128 minutes, rated R for violence and language
Those who are looking for pleasant films with tidy, heartwarming endings need read no further. Syriana has none of what you seek.
The film is a disturbing, intelligent work that examines the geopolitical struggle for oil in which we find ourselves. Syriana depicts a world where multinationals compete for limited petroleum supplies, governments curry favor with the corporations, and most of the people on the planet live out their lives trying not to think too hard about the ugly truth.
Those dig too hard for the truth wind up bitter. Or dead.
There are no heroes in the film, as every character exhibits contemtible personality flaws; the business of oil seems to corrupt everyone involved.
This is not a great film, as director Stephen Gaghan's love of interwoven storylines sometimes makes the plot hard to follow. Too often the characters revert to stereotype (greedy CEOs, soulless government operatives, violent Islamists), and the occasional subtitles during Arabic, Farsi, and Urdu conversations tend to be annoyingly placed over bright backgrounds, making dialogue hard to follow.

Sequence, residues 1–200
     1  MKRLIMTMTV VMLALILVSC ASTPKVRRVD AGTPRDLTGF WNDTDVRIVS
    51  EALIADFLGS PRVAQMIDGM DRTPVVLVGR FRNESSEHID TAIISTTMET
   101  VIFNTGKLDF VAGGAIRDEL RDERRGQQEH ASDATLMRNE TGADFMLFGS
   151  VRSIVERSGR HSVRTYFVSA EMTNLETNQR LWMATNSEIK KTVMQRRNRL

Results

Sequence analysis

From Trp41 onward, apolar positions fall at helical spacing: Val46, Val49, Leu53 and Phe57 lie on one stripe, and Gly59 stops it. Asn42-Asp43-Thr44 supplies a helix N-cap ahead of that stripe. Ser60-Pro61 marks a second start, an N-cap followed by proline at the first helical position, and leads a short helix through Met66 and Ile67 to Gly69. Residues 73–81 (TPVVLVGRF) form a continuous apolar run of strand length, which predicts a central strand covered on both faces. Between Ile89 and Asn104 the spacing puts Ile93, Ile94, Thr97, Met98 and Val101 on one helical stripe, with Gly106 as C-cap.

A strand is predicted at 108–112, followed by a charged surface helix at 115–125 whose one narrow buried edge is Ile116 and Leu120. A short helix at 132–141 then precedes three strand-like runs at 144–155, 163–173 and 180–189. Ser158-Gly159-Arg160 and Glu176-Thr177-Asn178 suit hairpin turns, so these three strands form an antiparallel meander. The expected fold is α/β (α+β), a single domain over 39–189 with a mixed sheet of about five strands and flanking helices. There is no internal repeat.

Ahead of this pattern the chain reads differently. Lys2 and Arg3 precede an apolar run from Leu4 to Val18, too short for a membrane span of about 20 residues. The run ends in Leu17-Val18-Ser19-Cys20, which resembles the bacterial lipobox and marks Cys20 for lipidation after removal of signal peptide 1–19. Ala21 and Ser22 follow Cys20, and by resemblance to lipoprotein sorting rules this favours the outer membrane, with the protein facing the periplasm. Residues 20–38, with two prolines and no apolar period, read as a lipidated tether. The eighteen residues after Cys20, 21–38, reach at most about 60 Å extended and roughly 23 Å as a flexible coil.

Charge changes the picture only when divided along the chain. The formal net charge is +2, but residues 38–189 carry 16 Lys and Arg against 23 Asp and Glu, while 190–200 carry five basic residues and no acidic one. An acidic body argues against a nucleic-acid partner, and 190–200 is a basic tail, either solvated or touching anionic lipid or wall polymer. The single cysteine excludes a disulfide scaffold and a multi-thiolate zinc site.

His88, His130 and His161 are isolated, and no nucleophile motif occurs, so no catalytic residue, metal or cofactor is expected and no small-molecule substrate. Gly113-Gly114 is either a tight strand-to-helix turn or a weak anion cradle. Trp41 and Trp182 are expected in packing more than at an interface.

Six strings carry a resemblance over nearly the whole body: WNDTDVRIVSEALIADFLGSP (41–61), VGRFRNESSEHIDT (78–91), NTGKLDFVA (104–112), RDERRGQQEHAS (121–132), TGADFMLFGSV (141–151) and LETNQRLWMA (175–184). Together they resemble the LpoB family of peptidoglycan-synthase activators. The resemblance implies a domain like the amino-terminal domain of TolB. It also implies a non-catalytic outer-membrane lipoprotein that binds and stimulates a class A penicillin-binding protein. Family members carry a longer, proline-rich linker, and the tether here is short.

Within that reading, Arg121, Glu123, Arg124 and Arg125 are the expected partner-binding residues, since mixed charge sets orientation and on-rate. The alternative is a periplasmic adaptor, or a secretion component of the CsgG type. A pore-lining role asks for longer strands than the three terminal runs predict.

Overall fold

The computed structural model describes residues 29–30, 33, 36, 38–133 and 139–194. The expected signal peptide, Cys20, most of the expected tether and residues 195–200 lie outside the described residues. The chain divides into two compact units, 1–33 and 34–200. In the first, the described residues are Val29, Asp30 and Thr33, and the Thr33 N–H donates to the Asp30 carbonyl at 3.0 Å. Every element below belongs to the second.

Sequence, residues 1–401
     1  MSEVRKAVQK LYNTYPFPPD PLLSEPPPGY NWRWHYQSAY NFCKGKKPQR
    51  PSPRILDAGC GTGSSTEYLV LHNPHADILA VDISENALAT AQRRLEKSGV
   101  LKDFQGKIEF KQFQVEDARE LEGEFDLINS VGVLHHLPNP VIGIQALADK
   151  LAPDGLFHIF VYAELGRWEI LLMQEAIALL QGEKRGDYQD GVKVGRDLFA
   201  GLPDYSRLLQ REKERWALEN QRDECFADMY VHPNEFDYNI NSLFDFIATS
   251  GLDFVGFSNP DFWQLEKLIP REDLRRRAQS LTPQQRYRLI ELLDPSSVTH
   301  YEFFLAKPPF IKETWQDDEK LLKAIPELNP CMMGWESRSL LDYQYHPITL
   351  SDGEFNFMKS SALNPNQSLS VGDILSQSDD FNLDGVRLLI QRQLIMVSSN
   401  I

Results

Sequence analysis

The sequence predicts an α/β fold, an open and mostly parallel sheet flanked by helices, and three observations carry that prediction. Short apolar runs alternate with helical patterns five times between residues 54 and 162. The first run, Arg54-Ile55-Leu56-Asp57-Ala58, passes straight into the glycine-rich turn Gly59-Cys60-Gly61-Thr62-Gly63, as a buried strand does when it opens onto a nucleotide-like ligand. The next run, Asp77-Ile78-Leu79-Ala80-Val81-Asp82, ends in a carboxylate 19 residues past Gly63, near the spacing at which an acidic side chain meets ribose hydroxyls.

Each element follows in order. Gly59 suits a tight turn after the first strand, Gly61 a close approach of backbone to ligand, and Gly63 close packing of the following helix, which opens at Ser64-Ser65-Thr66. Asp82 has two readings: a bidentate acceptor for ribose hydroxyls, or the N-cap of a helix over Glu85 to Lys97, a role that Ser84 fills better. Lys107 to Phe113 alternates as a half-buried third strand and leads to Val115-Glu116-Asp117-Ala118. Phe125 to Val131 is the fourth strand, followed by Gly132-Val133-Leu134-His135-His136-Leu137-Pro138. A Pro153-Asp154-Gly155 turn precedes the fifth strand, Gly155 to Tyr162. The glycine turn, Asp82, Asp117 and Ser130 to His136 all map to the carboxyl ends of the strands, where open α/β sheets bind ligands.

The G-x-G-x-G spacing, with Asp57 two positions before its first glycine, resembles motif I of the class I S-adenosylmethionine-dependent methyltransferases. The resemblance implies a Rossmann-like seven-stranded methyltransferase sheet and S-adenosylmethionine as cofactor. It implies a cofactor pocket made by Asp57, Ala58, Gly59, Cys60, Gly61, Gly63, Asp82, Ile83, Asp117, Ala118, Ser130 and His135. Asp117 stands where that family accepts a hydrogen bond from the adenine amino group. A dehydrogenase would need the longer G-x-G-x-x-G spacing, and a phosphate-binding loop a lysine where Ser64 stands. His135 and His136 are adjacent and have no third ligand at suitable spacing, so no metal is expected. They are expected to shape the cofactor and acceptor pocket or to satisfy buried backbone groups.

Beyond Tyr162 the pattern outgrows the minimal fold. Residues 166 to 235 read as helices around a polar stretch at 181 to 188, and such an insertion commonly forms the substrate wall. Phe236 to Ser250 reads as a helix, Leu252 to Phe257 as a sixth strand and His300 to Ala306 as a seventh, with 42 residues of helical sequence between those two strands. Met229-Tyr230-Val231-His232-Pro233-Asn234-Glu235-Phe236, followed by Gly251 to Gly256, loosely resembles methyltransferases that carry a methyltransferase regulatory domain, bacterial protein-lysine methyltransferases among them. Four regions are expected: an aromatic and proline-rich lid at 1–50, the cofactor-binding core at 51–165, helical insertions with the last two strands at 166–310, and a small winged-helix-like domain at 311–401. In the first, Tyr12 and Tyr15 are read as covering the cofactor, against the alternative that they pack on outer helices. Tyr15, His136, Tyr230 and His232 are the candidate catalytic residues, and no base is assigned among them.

Still, Syriana is an important work, if for no other reason than for its ability to spark debate. It is bleak, it offers no simplistic solutions, and it is a film that you should rent tonight.
Just don't look to the film as a few hours of escapist diversion, because the questions implicitly asked in the film will stick with you for a long time.